Additionally, there are exciting performances from newcomers and established stars alike, including Zendaya (“Challengers”), Mikey Madison (“Anora”), Lady Gaga (“Joker: Folie à Deux”), and Angelina Jolie (“Maria”).

It’s only just beginning.

Read: All Primetime Emmy predictions in every category on Variety’s Awards Circuit.

The 97th Oscars will be held on Sunday, March 2. The full rankings are below. All movie listings, titles, and distributors are not final and are subject to change.

And the Predicted Nominees Are


Performer & Film


Saoirse Ronan — “The Outrun” (Sony Pictures Classics)


Julianne Moore — “The Room Next Door” (Sony Pictures Classics)


Karla Sofía Gascón — “Emilia Pérez” (Netflix)


Zendaya — “Challengers” (Amazon MGM Studios)


Demi Moore — “The Substance” (Mubi)

Next in Line


Performer & Film


Amy Adams — “Nightbitch” (Searchlight Pictures)


Lady Gaga — “Joker: Folie à Deux” (Warner Bros.)


Florence Pugh — “We Live in Time” (A24)


Angelina Jolie — “Maria” (No U.S. Distribution)


Mikey Madison — “Anora” (Neon)

Other Contenders


Performer & Film


Lily Gladstone — “Fancy Dance” (Apple Original Films)


June Squibb — “Thelma” (Magnolia Pictures)


Ariana Grande — “Wicked” (Universal Pictures)


Cynthia Erivo — “Wicked” (Universal Pictures)


Natasha Lyonne — “His Three Daughters” (Netflix)


Carrie Coon — “His Three Daughters” (Netflix)


Zoe Saldaña — “Emilia Pérez” (Netflix)


Kate Winslet — “Lee” (Roadside Attractions)


Marianne Jean-Baptiste — “Hard Truths” (Bleecker Street)


Regina King — “Shirley” (Netflix)

Also In Contention


Performer & Film


Jodie Comer — “The Bikeriders” (Focus Features)


Ryan Destiny — “The Fire Inside” (Amazon MGM)


Emma Stone — “Kinds of Kindness” (Searchlight Pictures)


Robin Wright — “Here” (Sony Pictures)


Lily-Rose Depp — “Nosferatu” (Focus Features)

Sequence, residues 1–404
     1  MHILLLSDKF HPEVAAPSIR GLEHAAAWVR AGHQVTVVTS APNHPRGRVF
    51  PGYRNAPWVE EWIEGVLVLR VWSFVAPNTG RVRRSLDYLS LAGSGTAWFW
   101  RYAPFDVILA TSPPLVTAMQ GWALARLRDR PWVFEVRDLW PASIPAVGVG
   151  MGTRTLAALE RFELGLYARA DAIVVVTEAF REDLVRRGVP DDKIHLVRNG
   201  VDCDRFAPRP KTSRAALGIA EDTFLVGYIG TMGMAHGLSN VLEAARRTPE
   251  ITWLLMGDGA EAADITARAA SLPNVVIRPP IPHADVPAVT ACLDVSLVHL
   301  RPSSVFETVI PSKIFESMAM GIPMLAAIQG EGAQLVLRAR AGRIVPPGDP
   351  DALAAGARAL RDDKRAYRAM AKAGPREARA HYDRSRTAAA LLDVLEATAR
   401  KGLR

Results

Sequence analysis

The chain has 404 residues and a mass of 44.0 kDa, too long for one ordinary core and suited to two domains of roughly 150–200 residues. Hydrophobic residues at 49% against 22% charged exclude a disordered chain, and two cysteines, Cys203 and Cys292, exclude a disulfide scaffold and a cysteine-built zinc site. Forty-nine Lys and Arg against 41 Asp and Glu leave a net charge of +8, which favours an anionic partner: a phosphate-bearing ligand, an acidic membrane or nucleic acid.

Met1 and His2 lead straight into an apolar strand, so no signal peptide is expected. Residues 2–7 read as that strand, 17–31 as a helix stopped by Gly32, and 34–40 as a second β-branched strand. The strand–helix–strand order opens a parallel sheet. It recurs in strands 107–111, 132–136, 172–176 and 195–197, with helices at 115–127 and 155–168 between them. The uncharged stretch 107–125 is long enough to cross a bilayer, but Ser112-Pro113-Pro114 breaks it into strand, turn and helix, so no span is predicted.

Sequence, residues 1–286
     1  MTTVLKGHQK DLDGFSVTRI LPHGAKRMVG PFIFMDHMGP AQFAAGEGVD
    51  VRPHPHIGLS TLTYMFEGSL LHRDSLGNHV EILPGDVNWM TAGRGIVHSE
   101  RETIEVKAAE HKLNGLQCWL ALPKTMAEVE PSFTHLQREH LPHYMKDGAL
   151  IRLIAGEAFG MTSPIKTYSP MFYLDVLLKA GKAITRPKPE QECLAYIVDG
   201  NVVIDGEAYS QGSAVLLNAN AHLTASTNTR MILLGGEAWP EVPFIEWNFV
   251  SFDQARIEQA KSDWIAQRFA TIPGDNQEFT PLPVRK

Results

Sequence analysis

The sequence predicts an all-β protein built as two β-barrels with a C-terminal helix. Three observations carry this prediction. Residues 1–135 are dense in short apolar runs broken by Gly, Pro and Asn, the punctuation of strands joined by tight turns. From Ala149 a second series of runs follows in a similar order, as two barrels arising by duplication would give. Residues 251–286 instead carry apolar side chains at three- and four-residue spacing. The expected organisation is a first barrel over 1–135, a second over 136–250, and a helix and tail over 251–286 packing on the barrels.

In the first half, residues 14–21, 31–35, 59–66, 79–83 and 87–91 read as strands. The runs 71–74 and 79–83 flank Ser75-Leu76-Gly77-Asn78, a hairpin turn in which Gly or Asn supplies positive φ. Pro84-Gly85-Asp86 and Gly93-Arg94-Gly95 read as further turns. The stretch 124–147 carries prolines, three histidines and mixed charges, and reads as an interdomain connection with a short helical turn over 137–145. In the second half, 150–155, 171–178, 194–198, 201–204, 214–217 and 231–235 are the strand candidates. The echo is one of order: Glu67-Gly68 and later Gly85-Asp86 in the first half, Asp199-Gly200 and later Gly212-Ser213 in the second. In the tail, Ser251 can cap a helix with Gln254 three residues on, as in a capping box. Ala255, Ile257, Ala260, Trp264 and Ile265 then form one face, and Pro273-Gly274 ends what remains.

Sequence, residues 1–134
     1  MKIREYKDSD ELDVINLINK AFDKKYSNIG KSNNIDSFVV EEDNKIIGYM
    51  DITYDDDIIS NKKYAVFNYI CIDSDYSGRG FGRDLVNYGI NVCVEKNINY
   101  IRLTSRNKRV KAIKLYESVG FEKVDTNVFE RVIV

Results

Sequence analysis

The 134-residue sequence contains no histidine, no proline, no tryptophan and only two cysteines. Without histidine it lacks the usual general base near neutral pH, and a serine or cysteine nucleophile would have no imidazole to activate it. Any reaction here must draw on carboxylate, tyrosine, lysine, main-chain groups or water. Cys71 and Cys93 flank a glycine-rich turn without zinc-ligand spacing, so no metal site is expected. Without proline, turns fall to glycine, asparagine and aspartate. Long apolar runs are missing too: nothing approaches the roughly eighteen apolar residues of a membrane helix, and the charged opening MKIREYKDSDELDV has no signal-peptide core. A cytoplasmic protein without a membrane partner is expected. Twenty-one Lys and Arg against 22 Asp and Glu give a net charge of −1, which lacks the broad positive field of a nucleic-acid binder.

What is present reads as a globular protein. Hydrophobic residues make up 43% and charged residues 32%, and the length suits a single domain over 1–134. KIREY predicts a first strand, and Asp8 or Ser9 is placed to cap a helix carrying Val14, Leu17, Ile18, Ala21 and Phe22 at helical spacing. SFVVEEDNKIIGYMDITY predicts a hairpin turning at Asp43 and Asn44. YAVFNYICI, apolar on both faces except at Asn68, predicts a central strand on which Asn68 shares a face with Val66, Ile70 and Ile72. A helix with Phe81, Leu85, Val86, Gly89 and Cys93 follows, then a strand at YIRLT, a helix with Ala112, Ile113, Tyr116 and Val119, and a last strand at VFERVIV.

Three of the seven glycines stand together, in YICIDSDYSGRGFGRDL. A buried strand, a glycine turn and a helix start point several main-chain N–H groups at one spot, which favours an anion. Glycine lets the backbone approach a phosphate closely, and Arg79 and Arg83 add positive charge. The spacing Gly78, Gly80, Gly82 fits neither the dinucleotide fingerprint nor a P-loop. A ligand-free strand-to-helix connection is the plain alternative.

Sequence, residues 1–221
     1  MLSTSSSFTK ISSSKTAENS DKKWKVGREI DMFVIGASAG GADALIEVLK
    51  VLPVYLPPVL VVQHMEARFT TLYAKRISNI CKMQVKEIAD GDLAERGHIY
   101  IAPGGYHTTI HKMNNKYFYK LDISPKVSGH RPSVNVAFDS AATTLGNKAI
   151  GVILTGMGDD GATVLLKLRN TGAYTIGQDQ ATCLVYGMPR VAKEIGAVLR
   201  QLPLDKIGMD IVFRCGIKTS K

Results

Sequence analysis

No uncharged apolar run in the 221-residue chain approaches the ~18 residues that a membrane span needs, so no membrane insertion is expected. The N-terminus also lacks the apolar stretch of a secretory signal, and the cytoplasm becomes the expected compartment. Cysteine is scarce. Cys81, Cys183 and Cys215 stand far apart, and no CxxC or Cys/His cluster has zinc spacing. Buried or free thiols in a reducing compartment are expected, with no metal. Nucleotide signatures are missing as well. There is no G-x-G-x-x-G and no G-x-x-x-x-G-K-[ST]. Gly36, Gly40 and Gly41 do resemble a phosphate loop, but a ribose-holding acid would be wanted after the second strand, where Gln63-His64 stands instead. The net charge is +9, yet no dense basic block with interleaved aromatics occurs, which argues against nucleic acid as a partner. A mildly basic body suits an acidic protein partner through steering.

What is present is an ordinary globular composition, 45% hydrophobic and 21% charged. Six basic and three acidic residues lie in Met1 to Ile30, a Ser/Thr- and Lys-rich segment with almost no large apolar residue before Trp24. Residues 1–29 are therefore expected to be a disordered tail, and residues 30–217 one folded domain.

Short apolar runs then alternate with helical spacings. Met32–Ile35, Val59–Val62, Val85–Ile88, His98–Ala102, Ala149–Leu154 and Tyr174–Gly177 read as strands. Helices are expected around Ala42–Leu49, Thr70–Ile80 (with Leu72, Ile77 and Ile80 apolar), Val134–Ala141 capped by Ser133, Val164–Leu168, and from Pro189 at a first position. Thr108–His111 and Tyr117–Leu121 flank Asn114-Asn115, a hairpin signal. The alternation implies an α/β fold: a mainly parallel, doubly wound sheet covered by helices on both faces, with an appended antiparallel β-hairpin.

Noémie Merlant — “Emmanuelle” (Neon)


Tessa Thompson — “Hedda” (Amazon MGM)


Anne Hathaway — “The Idea of You” (Amazon MGM)


Olivia Colman — “Wicked Little Letters” (Sony Pictures Classics)


Nathalie Emmanuel — “Megalopolis” (Lionsgate)

Eligible Performers (Best Actress)

Eligible Performers (Best Actress)
Eligible Performers (Best Actress)

This list is incomplete and not yet finalized. Not all films have distribution or release dates. All are subject to change.

** denotes could open in 2025 or compete in another category.

  • Gemma Chan — “The Actor” (Neon) **

  • Kani Kusruti — “All We Imagine as Light” (Janus Films/Sideshow)

  • Divya Prabha — “All We Imagine as Light” (Janus Films/Sideshow)

  • Mikey Madison — “Anora” (Neon)

  • Nicole Kidman — “Babygirl” (A24)

  • Marisa Abela — “Back to Black” (Focus Features)

  • Jenna Ortega — “Beetlejuice Beetlejuice” (Warner Bros.)

  • Winona Ryder — “Beetlejuice Beetlejuice” (Warner Bros.)

  • Jodie Comer — “The Bikeriders” (Focus Features) **

  • Saoirse Ronan — “Blitz” (Apple Original Films) **

  • Zendaya — “Challengers” (Amazon MGM)

  • Kirsten Dunst — “Civil War” (A24)

  • Andra Day — “The Deliverance” (Netflix)

  • Margaret Qualley — “Drive-Away Dolls” (Focus Features)

  • Julianne Moore — “Echo Valley” (Apple Original Films)

  • Karla Sofía Gascón — “Emilia Pérez” (Netflix)

  • Zoe Saldaña — “Emilia Pérez” (Netflix) **

  • Noémie Merlant — “Emmanuelle” (Neon)

  • Tilda Swinton — “The End” (Neon)

  • Isabel DeRoy-Olson — “Fancy Dance” (Apple Original Films) **

  • Lily Gladstone — “Fancy Dance” (Apple Original Films)

  • Ryan Destiny — “The Fire Inside” (Amazon MGM)

  • Alicia Vikander — “Firebrand” (Roadside Attractions)

  • Brandy Norwood — “The Front Room” (A24)

  • Anya Taylor-Joy — “Furiosa: A Mad Max Saga” (Warner Bros.)

  • Marianne Jean-Baptiste — “Hard Truths” (Bleecker Street) **

  • Tessa Thompson — “Hedda” (Amazon MGM)

  • Robin Wright — “Here” (Sony Pictures)

  • Carrie Coon — “His Three Daughters” (Netflix) **

  • Natasha Lyonne — “His Three Daughters” (Netflix) **

  • Elizabeth Olsen — “His Three Daughters” (Netflix) **

  • Adria Arjona — “Hit Man” (Netflix)

  • Anne Hathaway — “The Idea of You” (Amazon MGM)

  • Blake Lively — “It Ends With Us” (Sony Pictures)

  • Julianne Nicholson — “Janet Planet” (A24)

  • Lady Gaga — “Joker: Folie à Deux” (Warner Bros.)